An interview on Making with

Barry Romich

President, Romich Foundation

About Barry

Barry Romich is a graduate of the Case School of Engineering of Case Western Reserve University. He is co-founder of Prentke Romich Company, a developer and manufacturer of assistive technology for people with severe speech communication disability. Barry continues to support this population through his involvement with AAC Institute, a not-for-profit charitable organization. He is an avid supporter of making and has provided funding for maker spaces at Case Western Reserve University, University of Akron Wayne College, and Northwestern (Wayne County, OH) Local Schools. Barry’s interest in energy sustainability is evidenced by a 10+ KW grid tie solar PV array, a plug-in hybrid electric vehicle and various local charitable initiatives. He is a multi-engine instrument rated private pilot with about 2000 hours flying time, but no longer flies and he enjoys motorcycle riding. Romich Foundation provides financial support for: 1) Public schools, with particular interest in Wayne County, Ohio schools and programs involving STEM (Science, Technology, Engineering, and Mathematics); 2) Charitable organizations in Wayne County, Ohio, that address the needs of disadvantaged individuals; 3) National and international organizations working with people with disabilities who use AAC and other forms of assistive technology; 4) Sustainable energy initiatives; and 5) Programs that promote, encourage and support entrepreneurism in northeast Ohio.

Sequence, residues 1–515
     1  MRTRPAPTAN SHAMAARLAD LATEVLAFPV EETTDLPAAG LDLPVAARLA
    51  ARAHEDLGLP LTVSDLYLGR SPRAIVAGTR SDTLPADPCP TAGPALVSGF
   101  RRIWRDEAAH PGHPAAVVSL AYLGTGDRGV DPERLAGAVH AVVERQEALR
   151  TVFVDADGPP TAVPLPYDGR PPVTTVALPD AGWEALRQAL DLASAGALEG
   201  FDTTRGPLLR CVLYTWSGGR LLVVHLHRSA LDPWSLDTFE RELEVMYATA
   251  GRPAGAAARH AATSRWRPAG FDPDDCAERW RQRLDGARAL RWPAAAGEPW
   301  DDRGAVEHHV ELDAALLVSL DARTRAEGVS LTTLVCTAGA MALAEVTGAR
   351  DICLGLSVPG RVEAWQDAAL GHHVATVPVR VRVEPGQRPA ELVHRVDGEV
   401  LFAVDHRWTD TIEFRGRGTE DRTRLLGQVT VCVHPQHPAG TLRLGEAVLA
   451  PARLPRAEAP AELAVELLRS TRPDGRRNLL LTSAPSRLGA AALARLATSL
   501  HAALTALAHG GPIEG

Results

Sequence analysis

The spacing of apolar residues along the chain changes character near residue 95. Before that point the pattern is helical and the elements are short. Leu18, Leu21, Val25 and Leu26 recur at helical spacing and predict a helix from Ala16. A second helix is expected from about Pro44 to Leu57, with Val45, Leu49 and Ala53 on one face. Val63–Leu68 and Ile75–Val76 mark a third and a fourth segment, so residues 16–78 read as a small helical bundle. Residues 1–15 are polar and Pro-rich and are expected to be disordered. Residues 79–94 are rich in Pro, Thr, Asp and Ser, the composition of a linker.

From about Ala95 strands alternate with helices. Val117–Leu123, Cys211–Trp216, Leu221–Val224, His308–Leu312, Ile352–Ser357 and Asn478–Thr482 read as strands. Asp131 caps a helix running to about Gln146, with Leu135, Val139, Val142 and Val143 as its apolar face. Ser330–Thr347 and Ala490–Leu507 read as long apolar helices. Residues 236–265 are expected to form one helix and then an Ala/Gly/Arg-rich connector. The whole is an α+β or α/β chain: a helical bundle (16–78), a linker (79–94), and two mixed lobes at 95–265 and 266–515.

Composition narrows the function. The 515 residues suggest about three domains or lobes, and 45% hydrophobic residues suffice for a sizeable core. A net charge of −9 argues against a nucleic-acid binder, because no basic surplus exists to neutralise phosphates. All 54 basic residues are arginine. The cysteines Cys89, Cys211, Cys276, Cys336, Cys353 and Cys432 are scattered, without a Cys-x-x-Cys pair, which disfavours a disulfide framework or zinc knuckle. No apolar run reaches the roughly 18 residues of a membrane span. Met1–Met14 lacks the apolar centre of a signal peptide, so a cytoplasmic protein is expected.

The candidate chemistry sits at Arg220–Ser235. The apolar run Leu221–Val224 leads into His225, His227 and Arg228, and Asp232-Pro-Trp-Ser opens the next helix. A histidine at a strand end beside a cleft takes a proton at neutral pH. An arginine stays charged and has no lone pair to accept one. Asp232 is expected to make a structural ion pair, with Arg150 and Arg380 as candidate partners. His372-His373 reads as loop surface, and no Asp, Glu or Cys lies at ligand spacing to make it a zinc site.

What is Making?

Making is the process of converting an idea into a physical object or functtion. This, in turn, can MAKE a difference in people’s lives and MAKE the world a better place.

Who are Makers?

Makers are people who have ideas and want to turn them into reality. Makers are creative and innovative.

Why is Making important?

Making is the source of all forward progress.

What is an exciting example of Making and why?

Robotics competitions are a good example of Making. They provide a means of team participation for students who find STEM activities more meaningful than other traditional team activities. Robotics competitions also emphasize character development.

How is Making transforming education?

Making is an effective and exciting means of bringing reality to STEM education.

How can Making change my community?

I am personally creating a Maker Space that is already being used by friends in the community. It includes two laser engravers, metal and wood lathes and other tools, and a CNC router is on order. It is allowing these people to be more creative than before and is already supporting a new small business.

How does Making solve big problems?

Big problems can often be addressed using small initiatives by ordinary people with good ideas and the infrastructure to convert their ideas into reality.